Punk rose in the mid-1970s from its protopunk-garage band roots in the early 1970s. Styles as T-shirts with deliberately offensive graphics, leather jackets, studded orspiked bands and jewellery, safety pins, and bondage and S&M clothes. Punk music has also been heavily associated with a certain absurdist fashion which exemplified a genuine suspicion of mainstream culture and values. rejected affiliation with the mainstream.- scornfully rejected the political idealism and Californian flower-power silliness of hippie. The Sex Pistols and The Clash were the earliest British acts to make it big in both the UK. In the US, particularly New York City, was a hot spot featuring bands like The New York Dolls, Television, Patti Smith and the Ramones many playing at the infamous club onthe lower east side CBGBs. Lastly a subgenre formed with The Cramps an LA band (a gothabilly/psychobilly/rockabilly mix) and The Misfits a New Jersey band (campy/horror punk).
Rhythm and Blues, frequently abbreviated as R&B or R’n’B, is a genre of popular music that originated in African-American communities in the 1940s. By the early to mid-1950s Rock music in the US dominated with singers like Elvis Presley. And by the 1970s artists like Marvin Gaye, Stevie Wonder, and Michael Jackson with the Jackson Five were popular.
Regae and Ska were music genres that originated in Jamaica in the late 1960s. By the early/mid 1970’s artists like Bob Marley, Jimmy Cliff and Peter Tosh. Eric Claptton with 1974 cover of Bob Marley’s “I Shot the Sheriff” which made it onto the playlists of mainstream rock and pop radio stations worldwide. Ska divide the history of ska into three periods: the original Jamaican scene of the 1960s; the 2 Tone ska revival of the late 1970s in Britain, which fused Jamaican ska rhythms and melodies with the faster tempos and harder edge of punk rock forming ska-punk; and third wave ska, which involved bands from a wide range of countries around the world, in the late 1980s and 1990s.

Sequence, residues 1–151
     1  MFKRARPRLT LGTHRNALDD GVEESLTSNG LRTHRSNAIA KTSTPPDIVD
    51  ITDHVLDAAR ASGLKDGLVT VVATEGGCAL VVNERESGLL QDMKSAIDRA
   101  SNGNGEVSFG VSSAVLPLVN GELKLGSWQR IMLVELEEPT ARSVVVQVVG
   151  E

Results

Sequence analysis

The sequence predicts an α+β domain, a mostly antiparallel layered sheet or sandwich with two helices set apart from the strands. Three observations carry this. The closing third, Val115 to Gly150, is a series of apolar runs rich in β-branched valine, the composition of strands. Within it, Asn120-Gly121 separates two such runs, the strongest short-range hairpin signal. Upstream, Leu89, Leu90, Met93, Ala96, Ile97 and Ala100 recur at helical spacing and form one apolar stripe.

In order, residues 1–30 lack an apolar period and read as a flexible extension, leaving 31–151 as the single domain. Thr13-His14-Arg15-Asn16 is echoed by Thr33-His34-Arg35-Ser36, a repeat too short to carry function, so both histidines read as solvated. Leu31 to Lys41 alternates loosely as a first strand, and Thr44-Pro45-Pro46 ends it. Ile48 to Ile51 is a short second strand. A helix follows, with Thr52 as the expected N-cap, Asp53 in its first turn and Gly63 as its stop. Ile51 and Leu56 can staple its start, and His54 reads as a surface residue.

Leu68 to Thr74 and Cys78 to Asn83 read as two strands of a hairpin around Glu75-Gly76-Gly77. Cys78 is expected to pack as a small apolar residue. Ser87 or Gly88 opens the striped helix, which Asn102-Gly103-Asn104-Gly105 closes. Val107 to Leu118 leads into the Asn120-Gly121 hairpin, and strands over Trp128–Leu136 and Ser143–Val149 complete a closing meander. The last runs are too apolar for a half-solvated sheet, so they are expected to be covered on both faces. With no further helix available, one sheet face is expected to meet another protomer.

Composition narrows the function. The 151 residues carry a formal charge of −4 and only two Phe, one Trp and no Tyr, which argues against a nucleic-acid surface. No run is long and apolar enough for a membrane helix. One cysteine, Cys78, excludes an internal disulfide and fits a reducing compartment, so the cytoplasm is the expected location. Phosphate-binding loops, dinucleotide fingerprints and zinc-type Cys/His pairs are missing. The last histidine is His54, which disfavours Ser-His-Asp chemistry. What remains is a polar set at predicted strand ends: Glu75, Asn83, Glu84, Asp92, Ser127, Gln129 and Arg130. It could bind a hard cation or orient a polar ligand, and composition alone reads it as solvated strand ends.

Underground Music: Industrial | Gothic. The emergance from post-punk in the United Kingdom in the late 1970s in England and influences from the Velvet Underground in NYC in the late 1960’s. The first post-punk bands which shifted toward dark music with gothic overtones The genre itself was defined as a separate movement from post-punk. Gothic rock stood out due to its darker sound, with the use of primarily minor or bass chords, reverb, dark arrangements, or dramatic and melancholic melodies, having inspirations in gothic literature allied with themes such as sadness, nihilism, dark romanticism, tragedy, melancholy and morbidity. These themes are often approached poetically. The sensibilities of the genre led the lyrics to represent the evil of the century and the romantic idealization of death and the supernatural imagination. Gothic rock then gave rise to a broader goth subculture that included clubs, fashion and publications in the 1980s, 1990s, and into the 21st century. Bauhaus, The Cure (early work), Joy Division (Later became New Order), Siouxie & The Banshees, and The Sisters of Mercy. By the early 1980s included: Cocteau Twins, Dead Can Dance, and Xmal Deutschland. By the 1980s Industrial Music took shape starting in Chicago music underground scene.